The quality with which one engages in some endeavors can be gauged by its effects.
For instance, concerning karate practice, you could say, "If you don't end up sore and achey, you're not doing it right." Or consider cooking: "If it doesn't make your mouth happy, you're not doing it right." Smooching your loving wife: "If it doesn't feel good, you're not doing it right."
Similarly, concerning Biblical scholarship: "If it doesn't increase your passion, and your love for God, you're not doing it right" (Psalm 119:138 [HCSB]; Jeremiah 23:29; Romans 12:11). When Christ is the teacher, the hearts of His listening students are set on fire (kaiomene) within them (Luke 24:32).
James White well said what I tried to put into words earlier:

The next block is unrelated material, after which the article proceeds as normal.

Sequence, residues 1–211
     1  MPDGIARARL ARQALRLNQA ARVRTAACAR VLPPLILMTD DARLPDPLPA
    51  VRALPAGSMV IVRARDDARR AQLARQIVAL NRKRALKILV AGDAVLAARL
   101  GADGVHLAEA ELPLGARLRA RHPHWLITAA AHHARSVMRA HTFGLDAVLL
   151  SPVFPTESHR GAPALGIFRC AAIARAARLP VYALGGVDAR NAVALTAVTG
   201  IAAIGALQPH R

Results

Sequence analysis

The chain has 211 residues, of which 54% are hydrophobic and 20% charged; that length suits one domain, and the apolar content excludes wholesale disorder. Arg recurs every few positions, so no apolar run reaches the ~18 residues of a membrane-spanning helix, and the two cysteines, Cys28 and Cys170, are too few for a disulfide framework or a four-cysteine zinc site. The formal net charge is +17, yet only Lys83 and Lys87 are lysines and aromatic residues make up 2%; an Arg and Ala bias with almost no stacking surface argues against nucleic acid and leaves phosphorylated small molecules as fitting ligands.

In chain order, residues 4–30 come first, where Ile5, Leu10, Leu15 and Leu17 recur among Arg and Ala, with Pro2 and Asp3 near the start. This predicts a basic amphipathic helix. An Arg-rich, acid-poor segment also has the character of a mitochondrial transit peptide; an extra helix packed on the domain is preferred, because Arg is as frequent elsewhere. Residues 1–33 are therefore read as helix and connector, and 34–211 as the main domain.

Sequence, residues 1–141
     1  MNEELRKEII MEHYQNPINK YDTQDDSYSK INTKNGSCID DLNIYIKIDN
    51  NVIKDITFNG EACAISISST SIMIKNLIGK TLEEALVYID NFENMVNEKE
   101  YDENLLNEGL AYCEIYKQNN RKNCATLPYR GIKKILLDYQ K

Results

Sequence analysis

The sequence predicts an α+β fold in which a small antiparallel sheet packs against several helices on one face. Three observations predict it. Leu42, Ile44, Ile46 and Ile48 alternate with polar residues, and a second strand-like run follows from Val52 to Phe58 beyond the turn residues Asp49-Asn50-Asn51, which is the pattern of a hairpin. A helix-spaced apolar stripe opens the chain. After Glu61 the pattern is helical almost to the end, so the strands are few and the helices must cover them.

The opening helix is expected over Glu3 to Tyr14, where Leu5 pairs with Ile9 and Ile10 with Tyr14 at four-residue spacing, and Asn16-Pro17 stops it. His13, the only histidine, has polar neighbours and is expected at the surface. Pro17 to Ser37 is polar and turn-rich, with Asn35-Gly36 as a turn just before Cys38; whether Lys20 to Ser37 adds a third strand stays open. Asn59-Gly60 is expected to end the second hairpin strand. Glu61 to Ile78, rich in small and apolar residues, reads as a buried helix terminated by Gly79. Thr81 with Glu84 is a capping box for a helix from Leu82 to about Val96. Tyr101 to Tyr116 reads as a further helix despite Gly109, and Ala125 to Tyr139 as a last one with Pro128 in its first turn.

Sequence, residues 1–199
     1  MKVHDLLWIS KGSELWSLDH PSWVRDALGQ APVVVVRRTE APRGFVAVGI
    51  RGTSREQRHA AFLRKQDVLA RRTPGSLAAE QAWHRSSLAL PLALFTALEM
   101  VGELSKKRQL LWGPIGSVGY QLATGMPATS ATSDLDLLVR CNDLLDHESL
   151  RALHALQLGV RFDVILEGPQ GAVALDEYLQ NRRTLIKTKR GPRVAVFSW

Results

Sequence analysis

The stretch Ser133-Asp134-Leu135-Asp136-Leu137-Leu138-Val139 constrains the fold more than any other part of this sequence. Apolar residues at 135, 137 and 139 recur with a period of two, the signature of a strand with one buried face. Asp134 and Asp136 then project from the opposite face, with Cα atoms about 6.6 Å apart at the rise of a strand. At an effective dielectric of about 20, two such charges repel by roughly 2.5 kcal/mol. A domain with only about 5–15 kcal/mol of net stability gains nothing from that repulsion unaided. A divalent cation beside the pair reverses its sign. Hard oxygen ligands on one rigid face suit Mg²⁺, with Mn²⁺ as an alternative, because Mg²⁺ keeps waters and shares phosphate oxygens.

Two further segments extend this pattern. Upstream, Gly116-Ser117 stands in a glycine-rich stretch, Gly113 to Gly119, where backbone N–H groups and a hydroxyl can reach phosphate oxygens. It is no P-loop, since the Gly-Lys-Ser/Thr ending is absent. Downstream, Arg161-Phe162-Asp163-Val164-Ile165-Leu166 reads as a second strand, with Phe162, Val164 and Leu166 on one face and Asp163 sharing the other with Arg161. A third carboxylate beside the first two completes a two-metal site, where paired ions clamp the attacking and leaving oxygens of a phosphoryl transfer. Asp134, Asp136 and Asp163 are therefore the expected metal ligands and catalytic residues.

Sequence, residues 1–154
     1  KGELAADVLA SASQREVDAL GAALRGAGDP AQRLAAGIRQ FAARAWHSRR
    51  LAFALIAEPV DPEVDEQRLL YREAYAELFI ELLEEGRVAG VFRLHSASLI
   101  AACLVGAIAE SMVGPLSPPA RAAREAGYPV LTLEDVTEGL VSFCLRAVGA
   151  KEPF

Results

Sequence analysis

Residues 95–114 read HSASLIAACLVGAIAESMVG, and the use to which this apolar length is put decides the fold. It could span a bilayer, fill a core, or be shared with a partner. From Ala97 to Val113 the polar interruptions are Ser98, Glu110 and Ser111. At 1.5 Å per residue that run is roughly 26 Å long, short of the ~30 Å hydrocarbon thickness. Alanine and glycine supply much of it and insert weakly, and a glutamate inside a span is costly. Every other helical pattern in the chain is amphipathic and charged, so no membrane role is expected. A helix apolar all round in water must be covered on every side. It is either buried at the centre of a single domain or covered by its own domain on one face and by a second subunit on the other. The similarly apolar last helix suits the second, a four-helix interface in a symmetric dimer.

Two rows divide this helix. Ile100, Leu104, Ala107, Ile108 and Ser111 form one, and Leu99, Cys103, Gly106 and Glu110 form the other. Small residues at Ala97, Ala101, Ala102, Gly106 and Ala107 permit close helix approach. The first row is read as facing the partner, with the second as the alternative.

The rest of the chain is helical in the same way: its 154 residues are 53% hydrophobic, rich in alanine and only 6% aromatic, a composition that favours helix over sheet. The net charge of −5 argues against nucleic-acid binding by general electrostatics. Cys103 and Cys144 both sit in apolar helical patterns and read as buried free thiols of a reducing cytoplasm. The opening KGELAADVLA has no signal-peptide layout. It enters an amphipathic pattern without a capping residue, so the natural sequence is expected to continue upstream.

...I write as a pastor/theologian/apologist who believes firmly that man is a singular whole--you cannot divide man's mind from his heart, his soul. I am passionate about theology, passionate about the faith. I honestly do not understand how anyone can say "I believe the Bible is the Word of God" without being passionate about that confession. I love the Trinity, justification by faith, the Resurrection, and sola scriptura. I do not pretend to be dispassionate about these things, and, as such, I stand firmly on this assertion: Christian scholarship that lacks passion about the truth is not worthy of the name Christian to begin with. If dispassion and detachment are necessary attributes of scholarship, then I do not seek the appellation. I cannot comprehend dry faith, arid confession, or mere mental assent. (Scripture Alone [Bethany House: 2004], p. 10.)Amen!